Physical inactivity has become a pandemic according to a recent report in The Lancet, one of the most respected medical and health journals in the world. The report’s authors are all members of the World Health Organization (WHO) and are experts in collecting and analyzing large-scale data. A pandemic means that the condition is prevalent all over the world. The impact of the WHO study is not limited to the USA or even to economically developed countries. It reaches both affluent and struggling economies all over the world. We have a lot of work to do.
In a recent CNN report, the lead researcher, WHO’s Dr. Regina Guthold, said "Levels of inactivity are more than twice as high in high-income countries as compared to low- income countries, with an increasing trend in high-income countries. Latin America and the Caribbean, and high-income Western countries are the two regions with the highest levels of inactivity, and with increasing trends in inactivity." Dr. Guthold went on to say that in 2016 (the last year of data collection) more than 25 percent of the world’s population (1.4 billion people) were physically inactive compared to 23 percent in 2010, putting more people at risk for cardiovascular disease, Type 2 diabetes, dementia and some forms of cancer. The WHO study was a review of 358 published surveys and included 1.9 million adults living in 168 countries between 2001 and 2016.
Despite some very well-intentioned work by many international sports medicine and exercise science organizations around the world, physical inactivity is a continuing problem. Here are some important facts revealed by the report:
- 16% of people surveyed in low-income countries get an inadequate amount of exercise
- 37% of people surveyed in high-income countries get an inadequate amount of exercise
- In east and southeast Asian countries, 26% of adults had insufficient physical activity in 2001, but just 17% in 2016 (the report credits China with leading the way to healthier lifestyles in that region)
- There is a gender difference when it comes to physical inactivity:
- In south Asia, 43% of women are inactive compared to 24% of men
- In the Middle East and North Africa, 40% of women are inactive compared to 26% of men
- In upper income Western countries, 42% of women are inactive compared to 31% of men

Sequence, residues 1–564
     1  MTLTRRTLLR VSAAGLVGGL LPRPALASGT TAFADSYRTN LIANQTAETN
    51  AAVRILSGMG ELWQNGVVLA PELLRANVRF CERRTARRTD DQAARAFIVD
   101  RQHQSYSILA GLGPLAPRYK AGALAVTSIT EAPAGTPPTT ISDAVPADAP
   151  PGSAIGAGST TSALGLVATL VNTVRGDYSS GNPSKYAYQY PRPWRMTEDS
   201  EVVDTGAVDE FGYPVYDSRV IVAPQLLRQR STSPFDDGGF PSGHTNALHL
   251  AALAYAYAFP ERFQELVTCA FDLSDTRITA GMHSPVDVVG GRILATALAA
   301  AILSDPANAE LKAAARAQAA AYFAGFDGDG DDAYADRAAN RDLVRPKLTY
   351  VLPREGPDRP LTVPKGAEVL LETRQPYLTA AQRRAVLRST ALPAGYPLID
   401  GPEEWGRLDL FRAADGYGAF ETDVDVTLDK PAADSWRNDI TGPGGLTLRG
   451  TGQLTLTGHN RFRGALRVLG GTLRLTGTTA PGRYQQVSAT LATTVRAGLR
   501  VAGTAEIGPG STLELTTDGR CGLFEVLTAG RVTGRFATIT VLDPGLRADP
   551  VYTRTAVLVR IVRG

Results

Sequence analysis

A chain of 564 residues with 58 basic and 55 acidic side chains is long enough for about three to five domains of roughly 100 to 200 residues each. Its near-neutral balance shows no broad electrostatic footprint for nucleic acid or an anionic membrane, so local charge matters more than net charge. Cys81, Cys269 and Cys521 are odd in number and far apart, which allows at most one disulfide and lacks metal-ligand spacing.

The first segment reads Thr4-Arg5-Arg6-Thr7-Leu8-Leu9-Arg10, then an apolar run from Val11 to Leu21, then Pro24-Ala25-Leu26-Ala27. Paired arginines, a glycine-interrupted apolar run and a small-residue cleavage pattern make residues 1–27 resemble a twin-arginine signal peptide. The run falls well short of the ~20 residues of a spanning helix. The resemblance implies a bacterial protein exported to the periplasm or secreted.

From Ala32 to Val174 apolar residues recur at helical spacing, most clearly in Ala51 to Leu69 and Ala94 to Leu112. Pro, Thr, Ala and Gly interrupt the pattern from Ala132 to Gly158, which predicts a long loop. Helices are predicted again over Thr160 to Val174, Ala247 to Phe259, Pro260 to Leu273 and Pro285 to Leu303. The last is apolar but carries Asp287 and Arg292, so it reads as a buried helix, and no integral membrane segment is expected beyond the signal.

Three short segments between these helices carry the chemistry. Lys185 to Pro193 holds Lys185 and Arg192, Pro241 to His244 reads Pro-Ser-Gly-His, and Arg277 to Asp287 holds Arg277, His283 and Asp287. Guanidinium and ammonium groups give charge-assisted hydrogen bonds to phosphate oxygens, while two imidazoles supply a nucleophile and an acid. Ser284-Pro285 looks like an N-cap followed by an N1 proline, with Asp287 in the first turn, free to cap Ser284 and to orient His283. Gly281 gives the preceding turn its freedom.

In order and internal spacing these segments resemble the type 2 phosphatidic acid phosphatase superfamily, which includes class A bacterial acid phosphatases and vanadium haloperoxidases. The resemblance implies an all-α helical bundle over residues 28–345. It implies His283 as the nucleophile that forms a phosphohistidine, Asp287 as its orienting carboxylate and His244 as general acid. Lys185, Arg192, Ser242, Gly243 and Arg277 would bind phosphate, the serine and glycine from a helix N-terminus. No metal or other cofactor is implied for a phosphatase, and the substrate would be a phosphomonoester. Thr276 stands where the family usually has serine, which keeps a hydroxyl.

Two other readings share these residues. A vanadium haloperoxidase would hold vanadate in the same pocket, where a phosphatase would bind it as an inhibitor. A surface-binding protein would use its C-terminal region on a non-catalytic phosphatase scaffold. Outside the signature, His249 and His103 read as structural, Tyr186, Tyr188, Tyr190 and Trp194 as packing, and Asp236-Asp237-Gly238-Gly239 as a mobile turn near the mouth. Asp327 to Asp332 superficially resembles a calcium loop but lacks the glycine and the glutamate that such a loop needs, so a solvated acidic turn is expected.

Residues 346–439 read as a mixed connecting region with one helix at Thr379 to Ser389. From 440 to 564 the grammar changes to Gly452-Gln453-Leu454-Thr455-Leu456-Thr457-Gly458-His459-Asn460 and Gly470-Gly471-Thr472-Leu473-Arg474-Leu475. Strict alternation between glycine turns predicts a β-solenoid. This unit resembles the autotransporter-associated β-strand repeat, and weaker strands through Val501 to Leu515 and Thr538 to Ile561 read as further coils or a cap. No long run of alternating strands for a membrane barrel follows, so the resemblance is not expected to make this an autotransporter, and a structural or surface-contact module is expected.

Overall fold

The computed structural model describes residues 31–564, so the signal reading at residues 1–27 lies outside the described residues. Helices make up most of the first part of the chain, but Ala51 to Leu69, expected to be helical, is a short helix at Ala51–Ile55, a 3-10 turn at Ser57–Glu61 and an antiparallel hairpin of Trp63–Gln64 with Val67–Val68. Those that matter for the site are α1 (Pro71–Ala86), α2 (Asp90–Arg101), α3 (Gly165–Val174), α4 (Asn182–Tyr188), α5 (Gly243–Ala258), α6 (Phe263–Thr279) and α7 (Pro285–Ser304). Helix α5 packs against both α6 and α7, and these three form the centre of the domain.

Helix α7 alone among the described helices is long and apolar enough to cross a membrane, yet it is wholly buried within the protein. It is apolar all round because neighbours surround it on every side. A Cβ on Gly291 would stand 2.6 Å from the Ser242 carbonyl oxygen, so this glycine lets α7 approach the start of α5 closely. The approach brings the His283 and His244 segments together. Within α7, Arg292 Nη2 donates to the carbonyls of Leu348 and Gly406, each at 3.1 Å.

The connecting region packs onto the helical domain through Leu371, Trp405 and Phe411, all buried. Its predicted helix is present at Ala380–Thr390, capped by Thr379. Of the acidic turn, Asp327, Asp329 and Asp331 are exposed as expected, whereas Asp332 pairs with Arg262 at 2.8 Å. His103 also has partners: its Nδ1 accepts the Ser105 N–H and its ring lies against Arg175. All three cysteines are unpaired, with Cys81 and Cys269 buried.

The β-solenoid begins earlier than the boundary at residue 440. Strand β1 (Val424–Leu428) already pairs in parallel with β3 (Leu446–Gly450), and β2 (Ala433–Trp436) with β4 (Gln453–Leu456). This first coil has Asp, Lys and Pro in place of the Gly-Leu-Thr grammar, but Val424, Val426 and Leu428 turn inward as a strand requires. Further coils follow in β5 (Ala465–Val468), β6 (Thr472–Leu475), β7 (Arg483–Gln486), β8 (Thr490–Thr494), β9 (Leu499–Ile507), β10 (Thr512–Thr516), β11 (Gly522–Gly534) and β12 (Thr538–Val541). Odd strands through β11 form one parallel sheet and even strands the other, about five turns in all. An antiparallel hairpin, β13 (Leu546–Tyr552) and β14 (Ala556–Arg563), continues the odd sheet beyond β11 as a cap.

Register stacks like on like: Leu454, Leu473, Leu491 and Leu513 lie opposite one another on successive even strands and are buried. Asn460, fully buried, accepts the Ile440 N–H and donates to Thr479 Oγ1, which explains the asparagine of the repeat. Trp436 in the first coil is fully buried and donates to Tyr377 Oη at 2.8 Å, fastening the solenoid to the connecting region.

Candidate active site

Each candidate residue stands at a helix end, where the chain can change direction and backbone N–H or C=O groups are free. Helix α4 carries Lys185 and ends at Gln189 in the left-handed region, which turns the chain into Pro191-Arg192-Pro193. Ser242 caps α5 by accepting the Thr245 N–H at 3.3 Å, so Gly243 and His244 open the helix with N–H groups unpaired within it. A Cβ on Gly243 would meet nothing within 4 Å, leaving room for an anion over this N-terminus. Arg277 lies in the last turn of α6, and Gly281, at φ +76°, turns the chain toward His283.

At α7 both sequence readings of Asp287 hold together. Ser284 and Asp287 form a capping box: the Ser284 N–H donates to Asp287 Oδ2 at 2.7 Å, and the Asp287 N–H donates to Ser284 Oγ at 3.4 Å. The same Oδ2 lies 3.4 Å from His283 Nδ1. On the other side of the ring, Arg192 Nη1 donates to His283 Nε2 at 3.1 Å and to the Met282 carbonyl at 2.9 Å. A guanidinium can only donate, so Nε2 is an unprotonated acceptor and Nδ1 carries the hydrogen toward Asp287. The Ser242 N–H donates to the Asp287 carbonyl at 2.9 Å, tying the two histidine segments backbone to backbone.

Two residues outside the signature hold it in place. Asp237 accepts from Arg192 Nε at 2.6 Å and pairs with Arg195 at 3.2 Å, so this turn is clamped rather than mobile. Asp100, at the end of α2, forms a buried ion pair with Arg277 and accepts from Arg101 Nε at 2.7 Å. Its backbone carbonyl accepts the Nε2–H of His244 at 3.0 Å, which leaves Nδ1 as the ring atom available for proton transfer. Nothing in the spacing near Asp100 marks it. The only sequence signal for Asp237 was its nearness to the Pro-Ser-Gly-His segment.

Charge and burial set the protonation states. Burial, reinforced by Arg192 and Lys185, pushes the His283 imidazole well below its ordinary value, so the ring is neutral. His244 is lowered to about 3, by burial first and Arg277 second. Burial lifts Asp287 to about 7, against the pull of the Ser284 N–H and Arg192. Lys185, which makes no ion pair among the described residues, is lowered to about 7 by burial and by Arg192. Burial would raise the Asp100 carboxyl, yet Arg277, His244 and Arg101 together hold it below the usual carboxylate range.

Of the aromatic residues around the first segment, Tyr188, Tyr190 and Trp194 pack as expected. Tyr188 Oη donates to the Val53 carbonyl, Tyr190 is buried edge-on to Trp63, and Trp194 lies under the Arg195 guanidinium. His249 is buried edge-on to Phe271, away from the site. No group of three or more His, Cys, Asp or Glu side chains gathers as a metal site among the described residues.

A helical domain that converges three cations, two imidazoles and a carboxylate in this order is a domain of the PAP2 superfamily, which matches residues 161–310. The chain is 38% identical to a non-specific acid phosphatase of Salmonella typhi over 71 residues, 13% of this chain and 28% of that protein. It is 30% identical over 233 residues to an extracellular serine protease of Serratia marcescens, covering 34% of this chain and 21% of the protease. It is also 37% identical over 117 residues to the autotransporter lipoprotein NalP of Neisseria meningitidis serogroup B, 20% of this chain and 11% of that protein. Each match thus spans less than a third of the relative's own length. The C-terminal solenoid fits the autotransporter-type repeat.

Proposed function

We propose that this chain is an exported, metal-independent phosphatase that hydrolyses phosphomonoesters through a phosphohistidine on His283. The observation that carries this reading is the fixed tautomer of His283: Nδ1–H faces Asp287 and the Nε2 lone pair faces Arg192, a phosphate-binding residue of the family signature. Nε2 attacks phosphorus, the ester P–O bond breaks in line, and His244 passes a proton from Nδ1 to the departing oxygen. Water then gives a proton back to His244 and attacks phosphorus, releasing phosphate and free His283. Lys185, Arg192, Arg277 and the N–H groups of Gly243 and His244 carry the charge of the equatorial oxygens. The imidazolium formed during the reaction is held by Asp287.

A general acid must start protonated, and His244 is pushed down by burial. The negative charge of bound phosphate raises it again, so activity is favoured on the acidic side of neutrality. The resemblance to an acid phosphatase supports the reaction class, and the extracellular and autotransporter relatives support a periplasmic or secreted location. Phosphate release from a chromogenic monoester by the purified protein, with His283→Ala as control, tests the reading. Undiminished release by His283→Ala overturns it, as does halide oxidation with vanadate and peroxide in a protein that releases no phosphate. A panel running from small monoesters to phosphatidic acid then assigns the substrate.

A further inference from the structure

- In the USA, 48% of women are inactive compared to 32% of men, and the same or similar differences exist for the United Kingdom, India, the Philippines, South Africa and Turkey.
There have been many inspirational efforts to increase physical activity from Healthy People 2000 (and repeated reports in 2010, 2020 and a new one in preparation for 2030) in the USA, to Healthy China, to many other country-specific initiatives. These are all well-intentioned programs. However, the WHO 2025 goal of increasing global physical activity by 10 percent of the population is in jeopardy. As sports medicine and exercise science experts, we can make significant changes, and we need to do it now.
When I was interviewed for the CNN story, I suggested that we need to focus on lifestyle and behavior modification to overcome some sedentary behaviors. We cannot and should not be telling our chronically inactive friends, neighbors, clients, patients or students to simply go to a gym or get more exercise. For some that will work, but for most it will not. An alternative is to make small changes in behavior and small changes in lifestyle to increase physical activity. Taking the stairs instead of the elevator when going up or down one or two flights or parking the car in the last row instead of the first one at the grocery store are just a couple of examples.
Finally, we must make that critical connection between health care and fitness professionals. No longer is it acceptable for a physician to tell a patient to “get more exercise.” Patients want more guidance. Through the ACSM Exercise is Medicine program, that connection can be made. Doctors can find fitness professionals by using the United States Registry of Exercise Professionals or the ACSM ProFinder. Time to get moving!
Walter R. Thompson, Ph.D., FACSM, currently serves as the Immediate Past President of the American College of Sports Medicine. He is a Regents' Professor and Associate Dean in the College of Education and Human Development at Georgia State University. He also serves as the Executive Director of After-School All-Stars in Atlanta, Georgia.